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Proposed Sand and Gravel Pit Faces Rocky Road

Construction: Santa Clarita complains it shouldn't have to endure dirty air and noise from nearby excavation to benefit the local building industry.


CANYON COUNTRY — Beneath the scrubby hillsides east of Santa Clarita are millions of tons of sand and gravel--two precious commodities for the booming building industry in Southern California.

At least five companies already excavate gravel in the area. But a proposal by Azusa-based Transit Mixed Concrete to dig 78 million tons from a 460-acre site just outside the Santa Clarita city limits has residents fuming.

The city of Santa Clarita is formally opposing the project, saying the mining will turn the air brown with dust particles and create a constant din of truck traffic and excavation.

Transit Mixed Concrete says its project is vital for the local building industry, which needs the sand and gravel (also known as aggregate) to make concrete.

That opinion is backed by a state official, who says local aggregate reserves are running low and that builders need to have a relatively close supply of sand and gravel so that the material is affordable.

"Los Angeles County is the single heaviest user of permitted reserves in the state," said Russ Miller, who works for the state Division of Mines and Geology and wrote a 1994 report on aggregate resources in Southern California.

"As long as we have a growing population, we will have a growing demand for aggregate," he said.

Residents, however, say they shouldn't carry the burden for the entire county.

"We can't handle the entire responsibility because we are a small area," Santa Clarita City Councilwoman Laurene Weste said. "I think if you look at the cumulative impacts of this project, it is disastrous both health-wise and economically for the county."

Weste said the Transit Mixed project is much larger than any of the existing mines in the area, none of which are more than 250 acres in size.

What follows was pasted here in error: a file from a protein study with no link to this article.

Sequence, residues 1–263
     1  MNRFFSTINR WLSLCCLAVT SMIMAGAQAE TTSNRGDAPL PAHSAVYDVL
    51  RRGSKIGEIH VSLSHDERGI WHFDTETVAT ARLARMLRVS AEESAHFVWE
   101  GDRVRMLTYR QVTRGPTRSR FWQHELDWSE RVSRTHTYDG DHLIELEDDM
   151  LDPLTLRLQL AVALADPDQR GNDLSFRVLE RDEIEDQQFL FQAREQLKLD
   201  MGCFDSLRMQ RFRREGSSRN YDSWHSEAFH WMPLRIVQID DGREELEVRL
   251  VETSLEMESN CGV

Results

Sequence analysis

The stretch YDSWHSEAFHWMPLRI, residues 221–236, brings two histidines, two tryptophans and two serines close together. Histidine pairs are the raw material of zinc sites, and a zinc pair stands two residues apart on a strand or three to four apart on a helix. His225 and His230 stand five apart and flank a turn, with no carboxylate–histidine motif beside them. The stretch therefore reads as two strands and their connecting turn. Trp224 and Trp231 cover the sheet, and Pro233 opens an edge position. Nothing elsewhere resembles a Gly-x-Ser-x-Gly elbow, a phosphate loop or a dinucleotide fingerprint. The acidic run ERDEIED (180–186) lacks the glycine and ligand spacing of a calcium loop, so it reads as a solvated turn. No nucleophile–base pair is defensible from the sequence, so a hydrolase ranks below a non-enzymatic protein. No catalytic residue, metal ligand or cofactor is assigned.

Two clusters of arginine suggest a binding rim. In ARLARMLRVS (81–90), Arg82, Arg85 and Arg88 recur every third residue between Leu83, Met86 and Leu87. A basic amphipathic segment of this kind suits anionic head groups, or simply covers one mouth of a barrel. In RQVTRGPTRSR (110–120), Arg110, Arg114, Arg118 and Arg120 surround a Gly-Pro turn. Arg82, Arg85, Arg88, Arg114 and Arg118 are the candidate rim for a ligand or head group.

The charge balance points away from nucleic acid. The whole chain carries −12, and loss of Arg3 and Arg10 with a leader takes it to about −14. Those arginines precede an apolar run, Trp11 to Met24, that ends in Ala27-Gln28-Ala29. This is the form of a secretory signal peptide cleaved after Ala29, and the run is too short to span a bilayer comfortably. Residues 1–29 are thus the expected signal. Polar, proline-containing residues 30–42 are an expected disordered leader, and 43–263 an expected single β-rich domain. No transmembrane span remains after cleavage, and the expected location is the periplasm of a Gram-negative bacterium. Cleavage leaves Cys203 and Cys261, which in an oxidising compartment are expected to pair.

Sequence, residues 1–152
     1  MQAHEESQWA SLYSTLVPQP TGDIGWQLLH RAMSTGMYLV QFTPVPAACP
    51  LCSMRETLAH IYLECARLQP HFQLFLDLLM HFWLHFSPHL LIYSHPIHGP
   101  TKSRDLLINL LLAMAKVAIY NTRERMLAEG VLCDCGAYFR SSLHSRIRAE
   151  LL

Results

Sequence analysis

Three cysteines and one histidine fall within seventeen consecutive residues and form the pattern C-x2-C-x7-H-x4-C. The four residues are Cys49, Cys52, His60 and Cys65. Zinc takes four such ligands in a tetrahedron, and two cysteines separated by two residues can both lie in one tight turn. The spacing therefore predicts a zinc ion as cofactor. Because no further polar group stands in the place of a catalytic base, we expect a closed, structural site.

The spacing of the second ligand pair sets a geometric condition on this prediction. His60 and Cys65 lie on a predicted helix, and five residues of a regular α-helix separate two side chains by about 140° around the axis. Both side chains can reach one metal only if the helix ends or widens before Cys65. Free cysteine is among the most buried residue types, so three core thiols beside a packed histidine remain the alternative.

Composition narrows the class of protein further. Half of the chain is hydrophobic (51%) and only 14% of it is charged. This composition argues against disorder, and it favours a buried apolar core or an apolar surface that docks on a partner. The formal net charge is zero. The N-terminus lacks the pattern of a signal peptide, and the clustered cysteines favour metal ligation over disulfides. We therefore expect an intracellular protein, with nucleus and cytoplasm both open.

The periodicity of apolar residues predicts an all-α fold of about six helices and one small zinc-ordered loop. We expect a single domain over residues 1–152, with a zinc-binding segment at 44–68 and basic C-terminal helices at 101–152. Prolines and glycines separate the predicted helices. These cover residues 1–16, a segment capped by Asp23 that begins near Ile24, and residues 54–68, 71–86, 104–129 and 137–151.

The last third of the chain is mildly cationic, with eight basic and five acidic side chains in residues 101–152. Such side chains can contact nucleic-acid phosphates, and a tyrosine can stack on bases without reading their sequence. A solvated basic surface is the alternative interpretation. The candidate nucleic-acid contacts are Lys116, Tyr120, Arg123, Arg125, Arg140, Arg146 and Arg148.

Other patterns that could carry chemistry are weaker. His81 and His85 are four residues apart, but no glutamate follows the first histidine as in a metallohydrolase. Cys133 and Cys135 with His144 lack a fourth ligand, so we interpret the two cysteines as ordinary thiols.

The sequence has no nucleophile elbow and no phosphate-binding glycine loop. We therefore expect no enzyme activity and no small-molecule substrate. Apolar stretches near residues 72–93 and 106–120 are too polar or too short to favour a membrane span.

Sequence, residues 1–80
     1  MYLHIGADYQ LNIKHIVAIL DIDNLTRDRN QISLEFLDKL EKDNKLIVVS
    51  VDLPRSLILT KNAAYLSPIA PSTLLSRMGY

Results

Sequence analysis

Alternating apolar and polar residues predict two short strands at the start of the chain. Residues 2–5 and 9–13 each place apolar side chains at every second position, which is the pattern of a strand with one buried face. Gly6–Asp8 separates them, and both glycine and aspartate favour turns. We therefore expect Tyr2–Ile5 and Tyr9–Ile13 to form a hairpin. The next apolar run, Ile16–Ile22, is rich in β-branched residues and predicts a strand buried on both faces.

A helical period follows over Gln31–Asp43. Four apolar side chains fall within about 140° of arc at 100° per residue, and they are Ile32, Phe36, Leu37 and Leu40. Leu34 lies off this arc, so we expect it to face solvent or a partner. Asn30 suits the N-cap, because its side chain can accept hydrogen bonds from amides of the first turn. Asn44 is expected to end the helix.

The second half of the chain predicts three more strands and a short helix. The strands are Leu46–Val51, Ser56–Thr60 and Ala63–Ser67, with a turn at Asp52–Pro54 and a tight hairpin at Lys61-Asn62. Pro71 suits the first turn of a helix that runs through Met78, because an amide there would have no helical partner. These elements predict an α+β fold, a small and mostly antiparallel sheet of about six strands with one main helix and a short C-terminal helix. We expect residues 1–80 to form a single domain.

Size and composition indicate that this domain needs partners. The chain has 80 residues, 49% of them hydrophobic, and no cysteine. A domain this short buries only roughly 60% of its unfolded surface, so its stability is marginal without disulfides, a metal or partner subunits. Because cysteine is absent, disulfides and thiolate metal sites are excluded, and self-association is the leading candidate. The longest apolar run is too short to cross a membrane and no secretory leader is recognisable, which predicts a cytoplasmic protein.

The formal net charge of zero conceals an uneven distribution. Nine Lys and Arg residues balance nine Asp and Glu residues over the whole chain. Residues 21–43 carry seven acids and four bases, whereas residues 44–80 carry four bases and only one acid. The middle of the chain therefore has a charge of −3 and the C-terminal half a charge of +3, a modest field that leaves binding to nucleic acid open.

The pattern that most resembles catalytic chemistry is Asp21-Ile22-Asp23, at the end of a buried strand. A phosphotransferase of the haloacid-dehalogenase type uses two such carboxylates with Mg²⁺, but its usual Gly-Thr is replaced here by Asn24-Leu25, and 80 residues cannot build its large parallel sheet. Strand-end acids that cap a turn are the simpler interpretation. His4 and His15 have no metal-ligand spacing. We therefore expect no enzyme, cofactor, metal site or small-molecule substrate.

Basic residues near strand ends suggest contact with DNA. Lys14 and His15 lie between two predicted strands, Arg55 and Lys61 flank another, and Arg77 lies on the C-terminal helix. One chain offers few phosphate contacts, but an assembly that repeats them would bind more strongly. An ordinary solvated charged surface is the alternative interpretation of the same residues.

In part, the fight reflects the changing nature of the Santa Clarita Valley. Once a rural outpost noted for oil refineries and farms--and even a munitions factory--the area is increasingly dominated by suburban homes.

A noisy, dirty mine, city officials say, doesn't fit into their long-range development plans.

"We don't see any benefits with this project," said Maria Rountree, intergovernmental relations officer for the city of Santa Clarita. "The scale of this project, its location and its potential hazards make it a bad deal."

Critics also say not enough has been done to mine existing sources.

Company spokesman Brian Mastin countered that mining companies would need further permits to dig deeper and wider to obtain a very small amount of materials.

"We've reached our limits, but it isn't impossible we could do more there," he said. "Highly unlikely, though. Regardless, the county will run out of permitted reserves. The county is going to need every ton of aggregate it can get."

The U.S. Bureau of Land Management, which owns the surface mining rights at the site, certified the project last month. But the Los Angeles County Regional Planning Commission voted unanimously against granting a mining permit, saying the environmental impacts outweighed the importance of aggregate in the county. The company has appealed that decision to the Los Angeles County Board of Supervisors, which is scheduled to review the project Oct. 24.


According to the environmental impact report, the mine would operate 17 hours a day, from 5 a.m. to 10 p.m. Trucks would make an estimated 700 trips daily to and from the mine.

"They are going to take down an entire mountain," Rountree said. "You can't tell me that the project won't make a significant difference with adverse effects."

But the mining industry considers Soledad Canyon one of the last locations in the county where aggregate should be tapped. The area has about 1.1 billion tons of unpermitted aggregate, about two-thirds of the county's resources, according to the 1994 state report written by Miller. Since obtaining the appropriate permits is a long and tedious process, according to industry experts, only about 21% of that amount is available for mining purposes.

The BLM decision, for example, allows Transit Mixed to produce and sell 56 million tons of sand and gravel on the 460-acre site. Another 22 million tons judged too fine for construction would be returned to the pit.

Some opponents saw the BLM decision as self-serving because the federal agency will receive $28 million in royalties if the project goes forward. The money will be split among the county, state and federal governments for future projects.


But Miller said the county's aggregate supply will be depleted by 2016. In the San Fernando Valley, the picture is far worse. Sand and gravel may run out by next year, he said.

The healthy economy has contributed to the demand for the materials, which are used to build new homes and repair roads. Between 1980 and 1992, the amount of aggregate produced in Los Angeles County was 381 million tons, 24% more than was originally projected in that period, Miller said.

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